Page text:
Rangers coach Alain Vigneault had some interesting answers today when asked about the challenging start to his tenure in New York.
Via the Daily News:
On whether this job has been more difficult than Vigneault had imagined: “No, not at all. Throughout seasons you get moments like this where as a group your team is not for whatever reason is not performing. In an 82-game season, you’re gonna see that, usually more than once, and how you do that is internally and you work with your players and players work with one another to be supportive. Everybody knows who’s fighting it a little bit right now, and I expect them to be supportive of one another to work on the areas that need improvement, to follow the coaches’ directives, and we’re trying real hard right now.”
On whether Vigneault had misconceptions coming in about what players the Rangers had: “Not really. I mean I knew even though I didn’t know the East real well, I knew our skill set. I knew that this team was based around real strong goaltending night in and night out. As far as the overall picture of the team, I knew what I was getting into, the areas we had to work on, and I didn’t think it was gonna come overnight and it’s not. As much as we’re struggling in certain areas, and I think that’s clear for everybody, we’re still right in the picture. The effort I’m seeing right now on and off the ice, we’re working our way to find the wins we need to get back on track.”
For frustrated Rangers fans who may be wondering if it was a mistake to let John Tortorella go, it may be worth looking back on Vigneault’s time in Vancouver, where it wasn’t exactly all roses before the Canucks evolved into one of the elite teams in the NHL.
In fact, Vigneault was as close at it gets to getting fired back in February of 2009, before Alex Burrows scored a late shorthanded goal to beat Carolina and end an eight-game winless slide.
Not to suggest the Rangers are one timely goal from turning things around. Vigneault has only begun to put his mark on the team. And general manager Glen Sather may need to go out and get some new players in order to play the kind of style the coach was brought in to employ. Certainly the organization’s youngsters will need to progress, as the Sedins and Ryan Kesler did under Vigneault.
The Rangers host Calgary Sunday.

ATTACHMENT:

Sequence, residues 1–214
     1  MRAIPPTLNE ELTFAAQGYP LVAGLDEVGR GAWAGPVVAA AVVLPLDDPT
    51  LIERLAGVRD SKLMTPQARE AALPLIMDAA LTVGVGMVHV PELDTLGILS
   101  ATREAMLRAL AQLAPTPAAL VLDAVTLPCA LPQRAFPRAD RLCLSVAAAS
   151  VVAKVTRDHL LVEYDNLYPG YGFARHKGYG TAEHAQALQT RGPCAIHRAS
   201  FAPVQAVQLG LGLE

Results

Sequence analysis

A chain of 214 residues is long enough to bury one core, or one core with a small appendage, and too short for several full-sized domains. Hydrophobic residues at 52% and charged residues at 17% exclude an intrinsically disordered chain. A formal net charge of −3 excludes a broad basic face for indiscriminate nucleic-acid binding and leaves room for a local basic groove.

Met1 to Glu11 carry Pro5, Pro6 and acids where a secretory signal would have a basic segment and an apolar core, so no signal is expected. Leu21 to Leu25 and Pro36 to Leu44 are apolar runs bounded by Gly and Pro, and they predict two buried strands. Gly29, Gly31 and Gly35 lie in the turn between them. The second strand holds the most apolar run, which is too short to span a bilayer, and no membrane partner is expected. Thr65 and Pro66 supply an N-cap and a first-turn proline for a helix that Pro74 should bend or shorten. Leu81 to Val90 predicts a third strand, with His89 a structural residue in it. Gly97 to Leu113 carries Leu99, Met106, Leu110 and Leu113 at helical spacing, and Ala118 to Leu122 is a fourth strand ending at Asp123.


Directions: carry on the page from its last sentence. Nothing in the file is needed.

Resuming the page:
New Sabres GM Jason Botterill has been on the job for less than a month, but with the draft around the corner, he’s got to start filling some holes in his front office.
Botterill, who came over from Pittsburgh, is allowed to bring former Pens colleagues of his over to Buffalo, but only if they’re given promotions by the Sabres (no lateral moves).
According to a report by Chuck Gormley, one person who could move from Pittsburgh to Buffalo is Randy Sexton, who currently serves as the Penguins’ directer of amateur scouting.
Sexton would bring plenty of experience to the Sabres’ front office, as he’s been a general manager with both the Ottawa Senators and Florida Panthers.
Having someone with that kind of experience could be beneficial for a rookie GM like Botterill, so the move would make a lot of sense from that point of view.
—Botterill has “no problem” with Lehner as No. 1
—Botterill to use Pens’ NHL-AHL relationship as model for Sabres
–Prior to last night’s game between Ottawa and Pittsburgh, the Senators held a moment of silence for those affected by the attacks in Manchester. A very touching moment. (The Score)
–Speaking of that game, the Senators managed to win it 2-1 thanks to some incredible goaltending from Craig Anderson. You can check out the highlights from the game by clicking the video at the top of the page.
–Sportsnet’s Andrew Berkshire takes a deeper look at P.K. Subban‘s contribution to Nashville’s run to the Stanley Cup Final. Despite dealing with a herniated disc, Subban has really been a key part of the Predators’ success both offensively and defensively. (Sportsnet)